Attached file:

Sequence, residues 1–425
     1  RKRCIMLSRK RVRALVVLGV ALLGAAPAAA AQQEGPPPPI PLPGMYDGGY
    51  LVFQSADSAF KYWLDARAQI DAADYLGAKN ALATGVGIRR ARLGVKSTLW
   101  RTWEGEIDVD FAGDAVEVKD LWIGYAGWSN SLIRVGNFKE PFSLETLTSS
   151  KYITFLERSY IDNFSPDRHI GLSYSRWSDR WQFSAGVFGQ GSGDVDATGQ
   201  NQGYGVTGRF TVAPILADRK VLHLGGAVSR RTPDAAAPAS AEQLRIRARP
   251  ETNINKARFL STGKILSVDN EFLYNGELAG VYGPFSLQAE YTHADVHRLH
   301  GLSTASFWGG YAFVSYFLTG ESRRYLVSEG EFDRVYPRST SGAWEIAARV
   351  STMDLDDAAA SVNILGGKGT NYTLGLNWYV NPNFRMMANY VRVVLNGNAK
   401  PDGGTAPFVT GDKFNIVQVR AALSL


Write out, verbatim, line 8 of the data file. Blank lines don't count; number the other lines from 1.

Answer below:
   301  GLSTASFWGG YAFVSYFLTG ESRRYLVSEG EFDRVYPRST SGAWEIAARV